People of color were more likely to test positive for COVID-19 and to require a higher level of care at the time of diagnosis compared to White patients, according to a new analysis from Epic Health Research Network and KFF. They also were more likely to be hospitalized and die from the novel coronavirus than White patients were.
The racial disparities in illness and death are not fully explained by differences in underlying sociodemographic characteristics and health conditions, finds the study, which analyzed Epic electronic health record data for roughly 50 million patients from 53 health systems representing 399 hospitals across 21 states.
The findings suggest that people of color may face increased barriers to testing that contribute to delays in obtaining testing until they are in more serious condition compared to White patients. They also demonstrate that people of color are bearing a disproportionate burden of negative health outcomes related to the COVID-19 pandemic at every stage – risk of exposure, access to testing, severity of illness, and likelihood of death.
The analysis, a joint project of EHRN and KFF, builds upon the findings of other studies and contributes to the research by providing insight into the experiences of a large patient population across a range of states and health systems, examining variation in the level of care patients required at the time they tested positive for COVID-19 by race and ethnicity, and assessing the extent to which underlying sociodemographic characteristics and health conditions explain racial disparities in hospitalization and death.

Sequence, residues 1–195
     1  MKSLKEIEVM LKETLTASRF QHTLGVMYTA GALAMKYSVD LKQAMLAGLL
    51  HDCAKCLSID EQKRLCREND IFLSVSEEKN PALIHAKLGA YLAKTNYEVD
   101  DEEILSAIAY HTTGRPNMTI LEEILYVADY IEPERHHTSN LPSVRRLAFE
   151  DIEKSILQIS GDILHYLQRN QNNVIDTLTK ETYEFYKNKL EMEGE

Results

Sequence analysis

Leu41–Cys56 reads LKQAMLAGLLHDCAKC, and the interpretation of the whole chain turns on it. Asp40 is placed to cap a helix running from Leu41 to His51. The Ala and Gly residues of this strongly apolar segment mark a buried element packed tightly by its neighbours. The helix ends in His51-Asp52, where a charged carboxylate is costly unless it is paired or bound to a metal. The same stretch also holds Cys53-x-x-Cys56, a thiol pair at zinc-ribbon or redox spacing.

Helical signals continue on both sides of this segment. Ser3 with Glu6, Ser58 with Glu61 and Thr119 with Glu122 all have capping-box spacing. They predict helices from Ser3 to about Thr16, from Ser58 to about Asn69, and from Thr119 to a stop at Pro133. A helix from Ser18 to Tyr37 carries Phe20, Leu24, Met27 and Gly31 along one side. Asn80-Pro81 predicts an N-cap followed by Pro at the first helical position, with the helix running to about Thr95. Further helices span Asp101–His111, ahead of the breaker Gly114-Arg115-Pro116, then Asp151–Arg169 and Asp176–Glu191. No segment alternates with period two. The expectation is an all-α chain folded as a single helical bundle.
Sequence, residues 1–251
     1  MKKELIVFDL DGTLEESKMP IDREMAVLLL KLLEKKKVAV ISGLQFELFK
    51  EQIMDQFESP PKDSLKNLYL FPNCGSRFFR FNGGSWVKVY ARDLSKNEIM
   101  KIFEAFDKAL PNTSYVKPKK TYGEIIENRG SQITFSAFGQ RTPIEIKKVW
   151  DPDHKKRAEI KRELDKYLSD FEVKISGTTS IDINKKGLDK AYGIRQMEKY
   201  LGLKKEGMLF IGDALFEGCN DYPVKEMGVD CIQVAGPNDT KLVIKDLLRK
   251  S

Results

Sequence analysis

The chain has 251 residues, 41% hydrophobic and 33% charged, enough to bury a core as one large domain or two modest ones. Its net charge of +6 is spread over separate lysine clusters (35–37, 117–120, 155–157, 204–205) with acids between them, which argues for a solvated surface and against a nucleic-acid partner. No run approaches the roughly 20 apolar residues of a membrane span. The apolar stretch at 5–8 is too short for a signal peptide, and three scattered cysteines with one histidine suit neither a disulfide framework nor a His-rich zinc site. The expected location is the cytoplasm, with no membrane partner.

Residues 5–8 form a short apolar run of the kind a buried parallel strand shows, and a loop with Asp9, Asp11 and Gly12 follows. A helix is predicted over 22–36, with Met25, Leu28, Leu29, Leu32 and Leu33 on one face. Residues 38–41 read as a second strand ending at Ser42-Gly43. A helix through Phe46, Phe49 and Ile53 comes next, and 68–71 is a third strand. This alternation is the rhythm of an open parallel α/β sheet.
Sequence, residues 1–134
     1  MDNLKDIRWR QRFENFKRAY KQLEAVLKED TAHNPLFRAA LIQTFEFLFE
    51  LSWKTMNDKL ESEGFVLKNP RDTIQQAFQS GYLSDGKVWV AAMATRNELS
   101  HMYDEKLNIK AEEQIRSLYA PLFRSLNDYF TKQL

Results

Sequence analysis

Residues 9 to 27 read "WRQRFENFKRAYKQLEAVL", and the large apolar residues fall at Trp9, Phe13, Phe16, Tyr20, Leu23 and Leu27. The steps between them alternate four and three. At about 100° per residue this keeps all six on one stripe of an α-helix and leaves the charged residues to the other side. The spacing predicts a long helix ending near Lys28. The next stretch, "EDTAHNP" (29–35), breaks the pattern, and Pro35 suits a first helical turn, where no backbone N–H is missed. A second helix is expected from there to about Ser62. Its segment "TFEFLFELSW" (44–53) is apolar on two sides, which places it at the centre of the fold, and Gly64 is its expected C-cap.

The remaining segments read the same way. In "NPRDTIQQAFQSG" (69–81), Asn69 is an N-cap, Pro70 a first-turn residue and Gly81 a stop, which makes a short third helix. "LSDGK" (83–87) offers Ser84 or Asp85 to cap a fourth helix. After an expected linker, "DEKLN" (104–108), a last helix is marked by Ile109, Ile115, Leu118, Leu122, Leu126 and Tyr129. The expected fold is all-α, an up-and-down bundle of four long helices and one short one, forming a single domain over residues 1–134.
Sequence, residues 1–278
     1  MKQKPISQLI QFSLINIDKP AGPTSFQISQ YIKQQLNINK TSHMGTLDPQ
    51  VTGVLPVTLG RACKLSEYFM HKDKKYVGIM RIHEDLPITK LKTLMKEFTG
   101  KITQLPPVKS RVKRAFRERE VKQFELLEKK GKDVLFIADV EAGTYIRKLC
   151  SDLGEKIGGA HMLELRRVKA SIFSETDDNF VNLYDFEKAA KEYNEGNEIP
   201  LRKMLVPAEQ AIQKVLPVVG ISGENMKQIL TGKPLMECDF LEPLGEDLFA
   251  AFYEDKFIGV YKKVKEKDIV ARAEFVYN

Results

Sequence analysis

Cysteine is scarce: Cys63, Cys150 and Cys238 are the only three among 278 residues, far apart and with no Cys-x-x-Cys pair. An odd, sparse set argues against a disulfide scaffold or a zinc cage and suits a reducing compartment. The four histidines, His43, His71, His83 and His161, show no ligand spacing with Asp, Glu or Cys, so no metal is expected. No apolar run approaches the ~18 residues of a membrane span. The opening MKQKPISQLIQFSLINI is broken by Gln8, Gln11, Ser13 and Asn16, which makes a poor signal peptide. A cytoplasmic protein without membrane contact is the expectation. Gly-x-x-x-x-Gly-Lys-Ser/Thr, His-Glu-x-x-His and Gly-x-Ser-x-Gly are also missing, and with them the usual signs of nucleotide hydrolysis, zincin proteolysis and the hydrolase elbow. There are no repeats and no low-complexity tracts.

Key findings include:
“Understanding the factors underlying COVID-19 infections and severe complications can help us devote resources appropriately to the most vulnerable communities,” said Christopher Alban, MD, Epic Vice President of Clinical Informatics. “This study adds nuance to our understanding of inequities in our COVID-19 response by showing racial and ethnic disparities that persist when comparing populations with similar health and socioeconomic status.”
“This analysis points to delays in testing for people of color, who are sicker and more likely to be infected when they do get tested,” said KFF President and CEO Drew Altman. “The findings highlight the continued importance of addressing racial disparities in responding to COVID-19 as in health care more broadly.”
About Epic Health Research Network
EHRN is a journal for the 21st century, designed for rapid sharing of knowledge with healthcare professionals, researchers, government, and learners to help solve medical problems. For more information, visit ehrn.org.
Filling the need for trusted information on national health issues, KFF (Kaiser Family Foundation) is a nonprofit organization based in San Francisco, California. KFF is not affiliated with Kaiser Permanente.